To ZEST. v.a. To heighten by an additional relish.
Archive for December, 2009
ZEA’LOUSLY. adv. [from zealous.] With passionate ardour.
Thy care is fixt, and zealously attends,
To fill thy odorous lamp with deeds of light,
And hope that reaps not shame. Milton.
To enter into a party as into an order of friars, with so re-
signed an obedience to superiors, is very unsuitable with the
civil and religious liberties we so zealously assert. Swift.
ZA’NY. n.s. [Probably of zanei.] The contraction of Gio-
vanni or sanna, a scoff, according to Skinner.] One em-
ployed to raise laughter by his gestures, actions and speeches;
a merry Andrew; a buffoon.
Some carrytale, some pleaseman, some slight zany,
Some mumblenews, some trencher knight, some Dick,
Told our intents before. Shakespeare.
Then write that I may follow, and so be
Thy echo, thy debtor, thy foil, thy zany,
I shall be thought, if mine like thine I shape,
All the world’s lion, though I be thy ape. Donne.
Oh, great restorer of the good old stage,
Preacher at once, and zany of thy age. Pope’s Dunciad.
YPI’GHT. part. [y and pight, from pitch.] Fixed.
That same wicked wight
His dwelling has low in an hollow cave,
Far underneath a craggy clift ypight,
Dark, doleful, dreary, like a greedy grave. Spenser.
YE’STY. adj. [from yest.] Frothy; spumy.
Though you untie the winds, and let them fight
Against the churches; though the yesty waves
Confound and swallow navigation up. Shakesp. Macbeth.
To YEARN. v.n. [eannan, Saxon.] To feel great internal
uneasiness. In Spenser it is sometimes earn.
He despis’d to tread in due degree,
But chaff’d, and foam’d, with courage fierce and stern,
And to be eas’d of that base burden still did yearn. Spenser.
Make the libbard stern
Leave roaring, when in rage he for revenge did yearn. Spens.
Though peeping close into the thick,
Might see the moving of some quick:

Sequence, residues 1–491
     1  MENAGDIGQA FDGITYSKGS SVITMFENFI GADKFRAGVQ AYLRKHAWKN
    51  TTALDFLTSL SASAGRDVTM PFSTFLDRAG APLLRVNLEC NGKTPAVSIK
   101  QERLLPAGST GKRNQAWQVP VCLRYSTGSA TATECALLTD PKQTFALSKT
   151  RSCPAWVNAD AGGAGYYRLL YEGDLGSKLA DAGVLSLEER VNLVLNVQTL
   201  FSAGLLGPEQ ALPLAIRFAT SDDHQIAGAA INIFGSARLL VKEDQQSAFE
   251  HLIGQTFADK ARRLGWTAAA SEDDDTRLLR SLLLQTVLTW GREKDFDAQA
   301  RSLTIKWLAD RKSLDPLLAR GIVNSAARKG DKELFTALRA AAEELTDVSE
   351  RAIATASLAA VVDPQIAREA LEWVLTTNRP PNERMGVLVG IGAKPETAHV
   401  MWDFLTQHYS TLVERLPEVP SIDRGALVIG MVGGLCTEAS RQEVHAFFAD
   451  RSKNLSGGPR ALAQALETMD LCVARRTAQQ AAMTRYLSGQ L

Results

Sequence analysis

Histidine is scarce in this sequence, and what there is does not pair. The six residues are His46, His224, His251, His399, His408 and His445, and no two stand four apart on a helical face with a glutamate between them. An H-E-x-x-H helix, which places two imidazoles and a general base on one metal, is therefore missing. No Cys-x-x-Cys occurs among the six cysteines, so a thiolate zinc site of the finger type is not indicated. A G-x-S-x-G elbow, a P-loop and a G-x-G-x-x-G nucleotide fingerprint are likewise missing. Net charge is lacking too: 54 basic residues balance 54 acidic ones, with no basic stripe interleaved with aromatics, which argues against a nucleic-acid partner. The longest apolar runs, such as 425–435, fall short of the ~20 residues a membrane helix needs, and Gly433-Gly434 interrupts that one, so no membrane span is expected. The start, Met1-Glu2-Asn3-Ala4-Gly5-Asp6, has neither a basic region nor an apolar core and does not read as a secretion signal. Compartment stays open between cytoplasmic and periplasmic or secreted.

But were it fairy, fiend, or snake,
My courage earned it to wake,
And manfully thereat shot. Spenser.
Falstaff, he is dead,
And we must yern therefore. Shakespeare’s Hen. V.
Joseph made haste; for his bowels did yern upon his bro-
there: and he sought where to weep, and he enter’d into his
chamber. Gen. xliii. 30.
YA’WNING. adj. [from yawn.] Sleepy; slumbering.
Ere to black Hecat’s summons
The shard-born beetle, with his drowsy hums,
Hath rung night’s yawning peal, there shall be done
A deed of dreadful note. Shakesp. Macbeth.
X Is a letter, which, though found in Saxon words, begins no word in the English language.
WRO’NGHEAD. WRONGHE’ADED. adj. [wrong and head.] Having a per-
Much do I suffer, much to keep in peace
This jealous, waspish, wronghead, rhyming race. Pope.
WRI’TER. n.s. [from write.]
I. One who practices the art of writing.
2. An authour.
All three were ruined by justice and sentence, as delinquents;
and all three famous writers. Bacon.
Peaceable times are the best to live in, though not so proper
to furnish materials for a writer. Addison’s Freeholder.
Writers are more often influenced by a desire of fame, than
a regard to the publick good. Addison’s Freeholder.
Would a writer know how to behave himself with relation to
posterity, let him consider in old books what he finds that he
is glad to know, and what omissions he most laments. Swift.